Nerd Out in These Stunning, Award-Winning Libraries


Libraries (and to an extent, bookshops) are any avid reader’;s second home. But they can also be much more that stacks of books—they can also be community learning centers, Internet hubs, a safe place for kids to go after school, a workspace for freelancers, and a non-commercial venue for older folks to gather.

Slover-Library-Interior Slover-Library-Exterior Mission-Branch-Library-Interior Mission-Branch-Library-Exterior Vancouver-Library-Interior Vancouver-Library-Exterior Hillary-Clinton-Library-Interior Hillary-Clinton-Library-Exterior Carney-Library-Exterior Carney-Library-Interior Cedar-Rapids-Library-Exterior Cedar-Rapids-Library-Interior

To celebrate the new, more varied functionality of libraries, the American Institute of Architects (AIA) and the American Library Association (ALA) recently awarded the 2015 Library Building Awards to those buildings that exemplified this trend:

Hillary Rodham Clinton Children’s Library and Learning Center: Little Rock, Arkansas

This library looks as sustainable as it is

This library looks as sustainable as it is

Polk Stanley Wilcox Architects went way beyond the idea of a library with their design, imagining Arkansas’; first holistically imagined children’;s education destination. It includes “a performance space, teaching kitchen, greenhouse, vegetable garden, and an arboretum that allow children to cultivate, harvest, prepare meals, and sell produce in a planned farmer’s market,” according to a release.

A safe community space

A safe community space

This LEED Gold space has shifted a dangerous neighborhood in the city to a safe space, and teaches sustainability via smart monitors that keep track of real-time use of water and electricity.

Cedar Rapids Public Library: Cedar Rapids, Iowa

Open space, a sculpture, and banks of windows welcome people into the library

Open space, a sculpture, and banks of windows welcome people into the library

OPN Architects, Inc. designed this library to LEED Platinum requirements, utilizing “abundant natural light, a geothermal system, and daylight harvesting strategies that minimize the building’s energy use.  The green roof and use of permeable pavers across the site allow the building to retain 90% of all annual rainfall on site in underground storm water collection chambers,” according to a release.

Kid-friendly but not childish decor

Kid-friendly but not childish decor

Inside, a spacious 2-story lobby brings together all of the core patron services in a hub and spoke system. Bright colors and unusual furniture are appealing to kids and kids-at-heart.

Claire T. Carney Library: Dartmouth, Massachusetts

Like the other designs, here natural light is brought into the stacks

Like the other designs, here natural light is brought into the stacks

Originally conceived by Paul Rudolph as a centerpiece to this commuter college, the Brutalist building became dysfunctional over time. Amazingly, the university kept the library open during the 2-year redesign and subsequent transformation.

An unusual color scheme goes way beyond typical library tones

An unusual color scheme goes way beyond typical library tones

“With half of the collections relocated to basement storage, the creation of a wide variety of new service and collaborative work spaces and the addition of a glass enclosed “campus living room”, the Carney Library is now the most popular place on campus, as evidenced by a gate count that has tripled,” according to a release.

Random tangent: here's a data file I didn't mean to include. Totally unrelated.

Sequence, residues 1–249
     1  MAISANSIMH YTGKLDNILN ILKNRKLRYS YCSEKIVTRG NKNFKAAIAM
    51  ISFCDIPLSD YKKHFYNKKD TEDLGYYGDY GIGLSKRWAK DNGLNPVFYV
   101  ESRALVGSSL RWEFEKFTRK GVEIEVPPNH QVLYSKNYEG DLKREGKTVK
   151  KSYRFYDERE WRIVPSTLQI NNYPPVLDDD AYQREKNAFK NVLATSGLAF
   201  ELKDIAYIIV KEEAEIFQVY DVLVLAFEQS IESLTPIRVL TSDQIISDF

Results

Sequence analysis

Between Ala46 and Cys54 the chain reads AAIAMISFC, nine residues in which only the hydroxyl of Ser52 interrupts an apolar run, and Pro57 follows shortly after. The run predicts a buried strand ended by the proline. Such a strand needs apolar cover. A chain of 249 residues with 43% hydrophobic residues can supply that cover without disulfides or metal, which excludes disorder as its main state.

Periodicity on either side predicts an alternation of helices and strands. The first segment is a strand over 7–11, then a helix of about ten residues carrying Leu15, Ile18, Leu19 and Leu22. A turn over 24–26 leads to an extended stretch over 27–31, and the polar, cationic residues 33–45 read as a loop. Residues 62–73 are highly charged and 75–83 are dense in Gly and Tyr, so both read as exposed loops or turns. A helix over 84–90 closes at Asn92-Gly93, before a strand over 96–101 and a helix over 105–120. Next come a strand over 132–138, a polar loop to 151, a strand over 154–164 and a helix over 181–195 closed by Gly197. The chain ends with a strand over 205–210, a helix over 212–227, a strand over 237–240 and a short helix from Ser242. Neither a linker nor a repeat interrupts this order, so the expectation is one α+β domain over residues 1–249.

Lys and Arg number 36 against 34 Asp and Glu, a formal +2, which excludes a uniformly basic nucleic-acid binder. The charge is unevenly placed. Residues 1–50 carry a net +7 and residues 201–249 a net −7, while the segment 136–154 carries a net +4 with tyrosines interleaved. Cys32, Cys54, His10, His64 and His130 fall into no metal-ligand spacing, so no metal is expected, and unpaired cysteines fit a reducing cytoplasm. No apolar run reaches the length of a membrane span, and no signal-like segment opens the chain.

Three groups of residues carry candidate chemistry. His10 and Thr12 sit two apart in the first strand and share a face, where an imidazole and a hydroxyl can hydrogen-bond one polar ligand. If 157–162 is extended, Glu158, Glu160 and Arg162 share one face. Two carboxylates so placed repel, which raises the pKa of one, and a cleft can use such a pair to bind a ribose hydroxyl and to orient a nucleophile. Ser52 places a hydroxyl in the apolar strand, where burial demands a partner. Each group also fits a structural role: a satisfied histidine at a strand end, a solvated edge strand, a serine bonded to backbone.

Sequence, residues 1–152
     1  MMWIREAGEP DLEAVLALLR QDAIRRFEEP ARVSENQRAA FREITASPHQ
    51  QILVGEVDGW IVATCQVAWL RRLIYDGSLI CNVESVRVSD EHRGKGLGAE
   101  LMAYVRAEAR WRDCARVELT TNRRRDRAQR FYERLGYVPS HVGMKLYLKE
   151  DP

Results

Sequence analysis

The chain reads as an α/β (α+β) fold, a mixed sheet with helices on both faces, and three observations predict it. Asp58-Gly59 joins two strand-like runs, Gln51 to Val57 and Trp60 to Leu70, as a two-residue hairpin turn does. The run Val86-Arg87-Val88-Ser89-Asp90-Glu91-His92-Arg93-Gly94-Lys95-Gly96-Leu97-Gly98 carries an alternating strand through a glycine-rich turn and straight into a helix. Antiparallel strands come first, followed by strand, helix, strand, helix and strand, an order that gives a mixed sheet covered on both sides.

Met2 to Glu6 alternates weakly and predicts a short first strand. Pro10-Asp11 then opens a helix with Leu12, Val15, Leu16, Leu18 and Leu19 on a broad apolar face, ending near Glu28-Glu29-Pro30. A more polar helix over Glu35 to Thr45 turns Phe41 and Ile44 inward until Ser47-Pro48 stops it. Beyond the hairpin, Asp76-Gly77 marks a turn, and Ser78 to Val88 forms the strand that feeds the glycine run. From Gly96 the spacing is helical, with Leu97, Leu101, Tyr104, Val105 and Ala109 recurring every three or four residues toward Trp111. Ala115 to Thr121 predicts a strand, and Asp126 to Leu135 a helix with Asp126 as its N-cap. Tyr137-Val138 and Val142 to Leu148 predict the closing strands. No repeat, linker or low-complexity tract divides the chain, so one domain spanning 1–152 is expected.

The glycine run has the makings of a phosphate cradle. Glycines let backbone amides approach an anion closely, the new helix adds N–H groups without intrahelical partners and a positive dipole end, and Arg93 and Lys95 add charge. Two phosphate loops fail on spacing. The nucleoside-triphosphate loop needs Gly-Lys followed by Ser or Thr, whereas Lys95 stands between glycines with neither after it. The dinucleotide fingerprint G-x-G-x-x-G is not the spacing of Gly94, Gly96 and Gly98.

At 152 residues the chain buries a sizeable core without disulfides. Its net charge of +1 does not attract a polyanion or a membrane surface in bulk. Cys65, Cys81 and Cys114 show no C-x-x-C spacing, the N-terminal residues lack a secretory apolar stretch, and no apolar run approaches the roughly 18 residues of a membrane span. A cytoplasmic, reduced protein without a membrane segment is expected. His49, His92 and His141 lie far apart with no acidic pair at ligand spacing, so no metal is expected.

Vancouver Community Library: Vancouver, Washington

Interior and exterior spaces make this library one with its environment

Interior and exterior spaces make this library one with its environment

This LEED Gold library is a brand-new 5-story building in the city’;s core, that uses materials to reflect new and historic neighborhoods in Vancouver.

The interior architecture includes built-in signage for easy navigation

The interior architecture includes built-in signage for easy navigation

Architects Miller Hull decided that the concept for the interior was a “drawer full of knowledge” which would make accessing the library’;s contents easy and would encourage exploration.

Mission Branch Library: San Antonio, Texas

This library is in keeping with Texas style

This library is in keeping with Texas style

Just a single story high, this LEED silver-certified library designed by Muñoz and Company uses all kinds of interesting local materials in its construction.”The exterior of the building features a locally sourced San Saba Sandstone wainscot that wraps the entire perimeter of the white stucco walls,” according to the release. The entrance (above) is via over-sized copper-clad doors embossed with a decorative pattern pulled from Mission San Jose.

Materials used in construction are representative of the local Mission style

Materials used in construction are representative of the local Mission style

Above, you can see one of 3 brick bovedas—cross vaults built without centering by local craftsmen. The interior bovedas are echoed in the exterior as well. Tiles and stucco are used inside and out—and you can’;t mistake where you are.

Slover Library: Norfolk, Virginia

Here you can see where the old and new buildings join

A former 115-year-old courthouse and city hall were restored—and added to—to create the new Slover Public Library by Newman Architects with Tymoff + Moss.

A beautiful and modern joining of the old and new buildings of the Slover library

A beautiful and modern joining of the old and new buildings of the Slover library

The combination of old and new structures isn’;t hidden but  made obvious in the interior of the building, while taking advantage of natural light.

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Here you can see where the old and new buildings join

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